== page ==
4 Things to Know About Exchanging Expert Witness Information

handing document with expert witness informationIf a party serves a timely demand to exchange expert witness information under CCP §2034.210(a), the exchange becomes mandatory and failure to participate in the exchange will preclude a party from offering expert testimony in the case. Perry v Bakewell Hawthorne, LLC (2017) 2 C5th 536, 543. The exchange of expert witness information has specific requirements that can trip you up. Review these four points and you’ll know what to do.

  1. Exchange of expert info must be in writing. The parties’ exchange of expert witness information must be in writing. CCP §2034.260(a). The actual exchange can happen in person between the parties’ attorneys or by service on the other party by any method specified in CCP §1011 or §1013, which includes electronic service, on or before the date of exchange.
  2. Info must list the experts or state that you’re not using any. The exchange of expert witness information must include a list of the names and addresses of every natural person, including any party, whose oral or deposition testimony a party expects to offer as expert opinion evidence at trial. If, on the other hand, there is no intention to offer expert testimony at trial, then this intention must be clearly stated. CCP §2034.260(b).
  3. Accompanying declarations are often required. If the list includes (1) an expert who’s a party, (2) an expert who’s employed by a party, or (3) an expert retained “for the purpose of forming and expressing an opinion in anticipation of the litigation or in preparation for the trial of the action,” you’ll have to accompany the information with a declaration. CCP §2034.260(c). The declaration is not made by the expert witness; instead, it’s a statement signed by the party’s attorney or self-represented party under penalty of perjury. This declaration must include:
    • A brief narrative statement of the qualifications of each expert;
    • A brief narrative statement of the general substance of the testimony that the expert is expected to give;
    • A representation that the expert has agreed to testify at the trial;
    • A representation that the expert will be sufficiently familiar with the pending action to submit to a meaningful oral deposition on the specific testimony, including any opinion and its basis, that the expert is expected to give at trial; and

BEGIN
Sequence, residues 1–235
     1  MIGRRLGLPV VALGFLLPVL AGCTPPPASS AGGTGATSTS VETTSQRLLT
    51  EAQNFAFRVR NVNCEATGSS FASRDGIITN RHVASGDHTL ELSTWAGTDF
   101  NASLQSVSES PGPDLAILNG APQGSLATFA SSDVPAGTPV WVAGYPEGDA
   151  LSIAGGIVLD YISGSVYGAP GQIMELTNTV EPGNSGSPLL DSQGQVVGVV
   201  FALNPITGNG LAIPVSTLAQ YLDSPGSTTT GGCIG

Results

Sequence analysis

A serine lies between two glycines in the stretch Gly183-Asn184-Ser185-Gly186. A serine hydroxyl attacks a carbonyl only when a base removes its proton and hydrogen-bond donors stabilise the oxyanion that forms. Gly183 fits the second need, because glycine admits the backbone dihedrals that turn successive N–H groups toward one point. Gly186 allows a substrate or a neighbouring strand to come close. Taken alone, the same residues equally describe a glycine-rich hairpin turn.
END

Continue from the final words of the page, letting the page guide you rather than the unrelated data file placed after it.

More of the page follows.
• A statement of the expert’s hourly and daily fee for providing deposition testimony.
  4. Reports and writings made in course of preparing expert’s opinion must be produced if requested. If a party also demanded under CCP §2034.210(c) the production and exchange of all discoverable reports and writings made by an expert in the course of preparing the expert’s opinion, then all parties (including the party initiating the demand) must produce and exchange these items on the date specified in the demand. Note that a demand under CCP §2034.210(c) won’t yield materials that weren’t  made “by the expert” or “in the course of preparing that expert’s opinion.” Production of otherwise discoverable writings that don’t fall within the statutory description in CCP §2034.210(c) may be obtained by informal agreement of counsel, stipulation, or other discovery methods (such as by subpoena duces tecum or demand for inspection).

Want to see a form of exchange with a statement of intention not to offer expert trial testimony, and another one with a list of expert witnesses with the attorney’s declaration included? CEB includes these samples in California Expert Witness Guide, chap 10. Get guidance on all three of these points and much more on discovery of expert witness information in civil cases, including handy checklists, in California Civil Discovery Practice, chap 11.

Other CEBblog™ posts you may find useful:

© The Regents of the University of California, 2018. Unauthorized use and/or duplication of this material without express and written permission from this blog’s author and/or owner is strictly prohibited.

2 thoughts on “4 Things to Know About Exchanging Expert Witness Information

  1. You can list as many UNRETAINED experts as you like without any accompanying declaration, etc. Plaintiff P.I. attorneys should list all medical practitioners who saw or treated plaintiff. It is then up to the defense to decide which unretained experts they need to depose before trial. Also the defense must produce for deposition their doctor who performed the DME. Do not agree to depose the DME MD at his/her office because that is the “only place he/she will do depositions”.

  2. And do not forget to include any fact witnesses who may also offer opinions, especially the parties! In construction law cases, I’ve seen opposing counsel repeatedly forget to list their client (the contractor) as an expert. When he wants to give an opinion as to the value of his work? Sorry: no dice. You lose.

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